As a result, there are fewer mispricings and opportunities for value investors like Warren Buffett. Most real estate investors buy properties at around market value and then earn returns by holding them for the long run.
A Better Alternative: REIT Investing
Buffett may not invest in rental properties, but he occasionally invests in real estate investment trusts (“REITs”), which are publicly listed real estate investment firms.
Just to give you a few examples, he has previously invested in Tanger Outlets (SKT), General Growth Properties, Vornado (VNO), ((now Brookfield (BAM)), Seritage Growth Properties (SRG), and STORE Capital (STOR), which was recently bought out by Blue Owl Capital (OWL). To be clear, REITs still aren’t a major part of Berkshire, which is understandable given its size, but he appears to have historically invested a lot more in them than rentals.
Why is he favoring REITs over rentals?
It is simply that REITs turn the weaknesses of rentals into strengths:
- Weakness #1: rentals require a lot of work, but REITs are completely passive. They are managed by professionals and they are highly cost-efficient thanks to their large scale.
- Weakness #2: rental investing requires skills and resources that you may not have. REITs can hire the best talent and pay them generous salaries, while still being cost-efficient given their scale. If you cannot compete with them, you may as well join them.
- Weakness #3: rentals are rarely mispriced, but REITs often offer great opportunities. Unlike rentals that are fairly stable, REITs are highly volatile because they are publicly traded. As a result, REITs will often be mispriced, like stocks, since most investors focus too much on short-term results. Today, REITs are particularly heavily discounted, trading at 20, 30, 40 or even 50% discounts relative to the value of the real estate they own. Buffett is a value investor, and he prefers to buy good real estate that’s professionally managed at a discount to fair value.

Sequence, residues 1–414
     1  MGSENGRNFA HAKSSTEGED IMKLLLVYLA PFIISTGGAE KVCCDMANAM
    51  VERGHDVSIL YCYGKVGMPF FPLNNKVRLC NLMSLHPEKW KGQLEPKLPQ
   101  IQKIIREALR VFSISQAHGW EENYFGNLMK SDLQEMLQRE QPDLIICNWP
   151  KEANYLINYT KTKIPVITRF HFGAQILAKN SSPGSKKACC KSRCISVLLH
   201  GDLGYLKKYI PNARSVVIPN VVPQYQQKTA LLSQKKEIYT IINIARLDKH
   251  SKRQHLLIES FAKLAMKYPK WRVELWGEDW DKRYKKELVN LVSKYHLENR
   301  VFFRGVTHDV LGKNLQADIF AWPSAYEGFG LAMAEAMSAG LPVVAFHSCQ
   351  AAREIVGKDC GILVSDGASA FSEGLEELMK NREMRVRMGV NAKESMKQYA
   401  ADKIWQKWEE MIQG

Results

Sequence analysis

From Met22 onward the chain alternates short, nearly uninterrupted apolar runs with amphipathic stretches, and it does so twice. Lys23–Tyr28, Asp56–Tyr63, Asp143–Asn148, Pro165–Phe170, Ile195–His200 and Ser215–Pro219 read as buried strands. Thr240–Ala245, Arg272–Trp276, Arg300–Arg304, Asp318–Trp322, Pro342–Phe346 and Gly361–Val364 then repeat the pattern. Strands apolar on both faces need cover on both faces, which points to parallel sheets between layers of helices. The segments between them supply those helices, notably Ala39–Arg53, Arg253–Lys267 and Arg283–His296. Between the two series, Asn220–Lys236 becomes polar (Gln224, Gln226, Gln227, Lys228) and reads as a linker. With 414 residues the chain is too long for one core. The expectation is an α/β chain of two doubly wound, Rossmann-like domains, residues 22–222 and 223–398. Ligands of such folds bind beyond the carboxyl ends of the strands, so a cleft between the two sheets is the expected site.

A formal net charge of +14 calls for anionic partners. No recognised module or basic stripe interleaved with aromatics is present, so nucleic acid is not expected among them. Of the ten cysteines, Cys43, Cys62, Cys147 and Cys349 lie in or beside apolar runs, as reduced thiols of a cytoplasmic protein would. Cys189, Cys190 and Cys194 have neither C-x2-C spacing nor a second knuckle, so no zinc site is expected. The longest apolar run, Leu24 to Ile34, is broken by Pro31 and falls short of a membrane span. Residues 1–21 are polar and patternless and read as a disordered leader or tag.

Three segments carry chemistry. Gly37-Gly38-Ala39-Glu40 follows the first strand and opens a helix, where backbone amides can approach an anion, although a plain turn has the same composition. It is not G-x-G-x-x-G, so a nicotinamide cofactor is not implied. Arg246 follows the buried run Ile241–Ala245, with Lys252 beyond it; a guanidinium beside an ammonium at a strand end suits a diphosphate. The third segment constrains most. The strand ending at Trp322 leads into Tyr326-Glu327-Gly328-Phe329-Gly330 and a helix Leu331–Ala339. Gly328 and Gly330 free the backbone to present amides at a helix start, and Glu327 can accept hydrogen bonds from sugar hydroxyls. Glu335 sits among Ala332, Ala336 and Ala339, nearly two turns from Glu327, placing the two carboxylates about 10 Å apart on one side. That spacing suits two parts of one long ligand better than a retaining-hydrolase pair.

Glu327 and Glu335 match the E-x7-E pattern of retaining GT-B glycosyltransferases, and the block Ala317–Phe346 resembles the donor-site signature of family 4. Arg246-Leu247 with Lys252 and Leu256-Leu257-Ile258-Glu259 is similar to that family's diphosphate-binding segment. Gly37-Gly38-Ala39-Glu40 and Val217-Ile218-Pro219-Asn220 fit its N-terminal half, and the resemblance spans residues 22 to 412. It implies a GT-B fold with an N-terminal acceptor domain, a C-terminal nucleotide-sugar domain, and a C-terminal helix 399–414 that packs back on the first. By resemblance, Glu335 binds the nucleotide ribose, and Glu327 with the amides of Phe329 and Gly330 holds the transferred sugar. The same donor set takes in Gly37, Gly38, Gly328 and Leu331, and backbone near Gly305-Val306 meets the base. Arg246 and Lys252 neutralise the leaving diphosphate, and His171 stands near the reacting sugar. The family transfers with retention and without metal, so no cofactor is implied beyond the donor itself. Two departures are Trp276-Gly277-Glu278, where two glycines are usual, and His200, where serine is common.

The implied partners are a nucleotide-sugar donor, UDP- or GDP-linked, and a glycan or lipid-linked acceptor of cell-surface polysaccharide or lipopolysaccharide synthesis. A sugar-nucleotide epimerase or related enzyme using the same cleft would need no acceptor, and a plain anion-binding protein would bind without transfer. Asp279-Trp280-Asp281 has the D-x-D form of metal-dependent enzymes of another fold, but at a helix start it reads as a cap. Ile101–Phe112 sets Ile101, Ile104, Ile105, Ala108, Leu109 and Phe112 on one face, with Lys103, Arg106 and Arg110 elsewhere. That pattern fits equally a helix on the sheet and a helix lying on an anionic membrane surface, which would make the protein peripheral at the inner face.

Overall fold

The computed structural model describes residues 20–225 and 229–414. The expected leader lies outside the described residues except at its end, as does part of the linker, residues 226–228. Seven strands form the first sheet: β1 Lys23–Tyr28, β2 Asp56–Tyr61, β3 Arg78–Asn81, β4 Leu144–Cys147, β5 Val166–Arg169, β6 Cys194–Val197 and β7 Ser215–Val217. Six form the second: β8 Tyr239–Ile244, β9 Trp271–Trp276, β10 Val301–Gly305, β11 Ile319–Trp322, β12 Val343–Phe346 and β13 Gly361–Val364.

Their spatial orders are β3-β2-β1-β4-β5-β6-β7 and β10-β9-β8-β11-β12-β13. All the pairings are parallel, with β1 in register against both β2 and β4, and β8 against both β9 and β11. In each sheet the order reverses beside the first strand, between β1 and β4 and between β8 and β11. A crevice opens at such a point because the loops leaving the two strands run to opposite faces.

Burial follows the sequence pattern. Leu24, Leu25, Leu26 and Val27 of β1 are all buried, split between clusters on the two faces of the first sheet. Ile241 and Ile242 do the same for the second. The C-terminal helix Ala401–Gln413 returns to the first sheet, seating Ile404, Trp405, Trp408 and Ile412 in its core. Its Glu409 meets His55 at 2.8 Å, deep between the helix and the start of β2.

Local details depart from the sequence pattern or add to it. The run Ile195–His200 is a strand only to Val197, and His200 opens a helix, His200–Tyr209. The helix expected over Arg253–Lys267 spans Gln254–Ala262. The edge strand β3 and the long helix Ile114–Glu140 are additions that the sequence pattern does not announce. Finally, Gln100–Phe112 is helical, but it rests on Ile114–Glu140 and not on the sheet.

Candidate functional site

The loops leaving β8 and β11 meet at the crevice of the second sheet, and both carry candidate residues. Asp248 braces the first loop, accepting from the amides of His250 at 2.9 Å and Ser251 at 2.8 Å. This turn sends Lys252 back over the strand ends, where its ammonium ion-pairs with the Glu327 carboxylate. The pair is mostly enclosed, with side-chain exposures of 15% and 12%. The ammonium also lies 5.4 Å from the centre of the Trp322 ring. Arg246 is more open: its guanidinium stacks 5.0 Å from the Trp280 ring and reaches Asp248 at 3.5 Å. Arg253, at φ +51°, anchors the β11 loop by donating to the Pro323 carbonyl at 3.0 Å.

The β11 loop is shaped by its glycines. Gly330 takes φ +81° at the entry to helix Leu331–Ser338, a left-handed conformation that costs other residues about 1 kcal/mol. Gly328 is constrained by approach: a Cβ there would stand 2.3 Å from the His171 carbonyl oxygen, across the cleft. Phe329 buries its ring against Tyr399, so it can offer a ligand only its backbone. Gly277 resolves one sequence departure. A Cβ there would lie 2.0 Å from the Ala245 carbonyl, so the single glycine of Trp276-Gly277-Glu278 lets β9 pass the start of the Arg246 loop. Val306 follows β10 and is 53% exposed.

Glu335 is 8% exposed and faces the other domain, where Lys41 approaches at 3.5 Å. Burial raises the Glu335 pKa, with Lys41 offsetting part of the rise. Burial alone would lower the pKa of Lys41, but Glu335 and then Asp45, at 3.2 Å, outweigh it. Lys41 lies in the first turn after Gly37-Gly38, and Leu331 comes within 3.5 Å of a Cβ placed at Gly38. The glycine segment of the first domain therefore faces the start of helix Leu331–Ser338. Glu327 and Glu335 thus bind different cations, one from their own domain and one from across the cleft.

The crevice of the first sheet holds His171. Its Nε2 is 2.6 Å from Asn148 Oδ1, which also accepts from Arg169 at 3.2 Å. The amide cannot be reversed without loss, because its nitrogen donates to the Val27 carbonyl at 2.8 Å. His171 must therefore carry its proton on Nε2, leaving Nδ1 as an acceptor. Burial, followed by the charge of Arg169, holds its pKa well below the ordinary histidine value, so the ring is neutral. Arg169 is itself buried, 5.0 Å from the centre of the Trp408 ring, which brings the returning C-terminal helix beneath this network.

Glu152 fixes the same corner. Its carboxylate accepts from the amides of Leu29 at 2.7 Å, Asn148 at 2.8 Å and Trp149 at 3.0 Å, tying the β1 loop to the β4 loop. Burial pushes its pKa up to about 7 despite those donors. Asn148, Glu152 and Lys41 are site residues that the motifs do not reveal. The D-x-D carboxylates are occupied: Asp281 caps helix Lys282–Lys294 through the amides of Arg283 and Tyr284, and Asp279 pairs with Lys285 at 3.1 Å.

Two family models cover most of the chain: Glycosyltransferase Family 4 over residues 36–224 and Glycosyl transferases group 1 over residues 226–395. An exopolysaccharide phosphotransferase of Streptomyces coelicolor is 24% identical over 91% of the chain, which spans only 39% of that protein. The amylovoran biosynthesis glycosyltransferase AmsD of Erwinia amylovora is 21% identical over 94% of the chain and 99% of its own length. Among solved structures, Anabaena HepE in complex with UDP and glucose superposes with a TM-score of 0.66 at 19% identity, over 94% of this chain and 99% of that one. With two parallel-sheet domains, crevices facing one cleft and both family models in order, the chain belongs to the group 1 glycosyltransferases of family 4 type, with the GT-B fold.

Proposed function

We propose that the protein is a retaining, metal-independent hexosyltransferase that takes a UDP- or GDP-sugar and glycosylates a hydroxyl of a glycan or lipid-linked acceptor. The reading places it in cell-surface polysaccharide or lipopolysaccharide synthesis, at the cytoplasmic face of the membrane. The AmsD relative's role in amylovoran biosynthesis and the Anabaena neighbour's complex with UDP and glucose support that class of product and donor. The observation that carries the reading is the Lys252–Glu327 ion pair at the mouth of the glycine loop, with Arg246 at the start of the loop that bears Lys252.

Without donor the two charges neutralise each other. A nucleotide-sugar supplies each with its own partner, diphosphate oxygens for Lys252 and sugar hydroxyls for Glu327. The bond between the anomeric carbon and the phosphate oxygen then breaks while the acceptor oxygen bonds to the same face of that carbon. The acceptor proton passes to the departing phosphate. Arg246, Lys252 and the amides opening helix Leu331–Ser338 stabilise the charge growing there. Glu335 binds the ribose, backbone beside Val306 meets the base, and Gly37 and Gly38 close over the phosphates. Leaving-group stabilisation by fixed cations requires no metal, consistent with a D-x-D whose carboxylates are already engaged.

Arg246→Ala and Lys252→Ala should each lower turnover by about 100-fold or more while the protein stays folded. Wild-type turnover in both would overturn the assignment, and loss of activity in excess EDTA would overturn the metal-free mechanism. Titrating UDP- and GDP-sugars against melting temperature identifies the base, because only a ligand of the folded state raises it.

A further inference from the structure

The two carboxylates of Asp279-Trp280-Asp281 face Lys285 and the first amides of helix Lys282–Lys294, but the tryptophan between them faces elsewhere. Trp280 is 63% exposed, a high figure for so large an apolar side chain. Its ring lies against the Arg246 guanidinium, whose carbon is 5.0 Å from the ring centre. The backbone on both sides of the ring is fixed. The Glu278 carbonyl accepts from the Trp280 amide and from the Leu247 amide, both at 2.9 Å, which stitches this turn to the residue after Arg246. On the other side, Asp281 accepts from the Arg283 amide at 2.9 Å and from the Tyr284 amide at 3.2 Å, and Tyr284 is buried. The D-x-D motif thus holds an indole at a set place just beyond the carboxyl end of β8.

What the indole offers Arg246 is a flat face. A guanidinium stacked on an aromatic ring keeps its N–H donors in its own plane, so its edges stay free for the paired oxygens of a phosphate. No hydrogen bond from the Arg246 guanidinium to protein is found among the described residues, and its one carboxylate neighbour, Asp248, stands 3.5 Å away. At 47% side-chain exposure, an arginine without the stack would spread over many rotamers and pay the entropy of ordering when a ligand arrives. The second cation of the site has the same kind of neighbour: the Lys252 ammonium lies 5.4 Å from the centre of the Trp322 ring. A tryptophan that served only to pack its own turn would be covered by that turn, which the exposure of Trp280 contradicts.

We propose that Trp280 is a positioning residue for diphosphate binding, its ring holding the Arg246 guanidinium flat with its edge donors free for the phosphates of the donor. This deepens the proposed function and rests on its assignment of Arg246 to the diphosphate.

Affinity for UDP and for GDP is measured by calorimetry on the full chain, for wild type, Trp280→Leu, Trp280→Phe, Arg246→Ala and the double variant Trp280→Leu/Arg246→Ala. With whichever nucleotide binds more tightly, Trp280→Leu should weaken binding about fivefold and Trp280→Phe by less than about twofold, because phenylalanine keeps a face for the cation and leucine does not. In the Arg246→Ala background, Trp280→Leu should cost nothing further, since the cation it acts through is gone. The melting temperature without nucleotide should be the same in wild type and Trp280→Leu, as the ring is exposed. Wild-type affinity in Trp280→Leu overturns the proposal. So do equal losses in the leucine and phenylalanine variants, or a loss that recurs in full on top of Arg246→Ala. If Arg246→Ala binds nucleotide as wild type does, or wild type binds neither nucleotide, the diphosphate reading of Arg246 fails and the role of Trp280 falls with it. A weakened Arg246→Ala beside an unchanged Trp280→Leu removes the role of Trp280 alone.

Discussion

Beyond these advantages, there are several studies that conclude that REITs are more rewarding than rental properties in the long run. This makes sense because REITs enjoy huge economies of scale, have access to the best talent, better relationships, lower cost of capital, and many other advantages:
REITs also allow you to invest in real estate strategies that you couldn’t follow on your own. To give you an example, Realty Income (O) buys triple net lease properties that it leases to Fortune 500 companies like McDonald’s (MCD), Walgreens (WBA) and Walmart (WMT) on a long-term basis. It is a simple strategy that has resulted in 15%+ average annual total returns since its inception, and it has hiked its dividend every single year for nearly 30 years in a row.
If you had bought Realty Income after a major crash when it was discounted, your average annual returns would have been closer to 20% per year on average.
Could you achieve that by investing in rental properties?
It is unlikely because you lack scale and skills, and rental properties are rarely mispriced. This appears to be why Buffett favors REITs over rentals in most cases, and it is also why I prefer to invest in REITs.
Today, especially, it makes little sense to invest in rentals because REITs are heavily discounted after the recent market selloff and offer much better value than rental properties.
Just to give you a quick example: Whitestone REIT (WSR) owns a portfolio of service-oriented, grocery-anchored shopping centers in rapidly growing sunbelt markets like Phoenix and Austin. Its rents are today growing rapidly, but the company is currently priced at a near 50% discount relative to its NAV.
Essentially, what this means is that you get to buy real estate at 50 cents on the dollar and get the additional benefits of liquidity, professional management, diversification, and scale for free on top of that.
The only reason why it is so heavily discounted is that the REIT market is today mispriced and temporarily detached from the private real estate market. It wouldn’t surprise me if Berkshire bought some more REITs in the coming quarters.
Buffett rarely invests in real estate because it isn’t his specialty, but when he does, he tends to favor REITs over rentals.
I used to work in private equity real estate, but when I came to the realization that REITs were superior investments in most cases, I decided to become a REIT analyst and that’s how I end up here on Seeking Alpha.
Today, the majority of my real estate capital is invested in publicly listed REITs.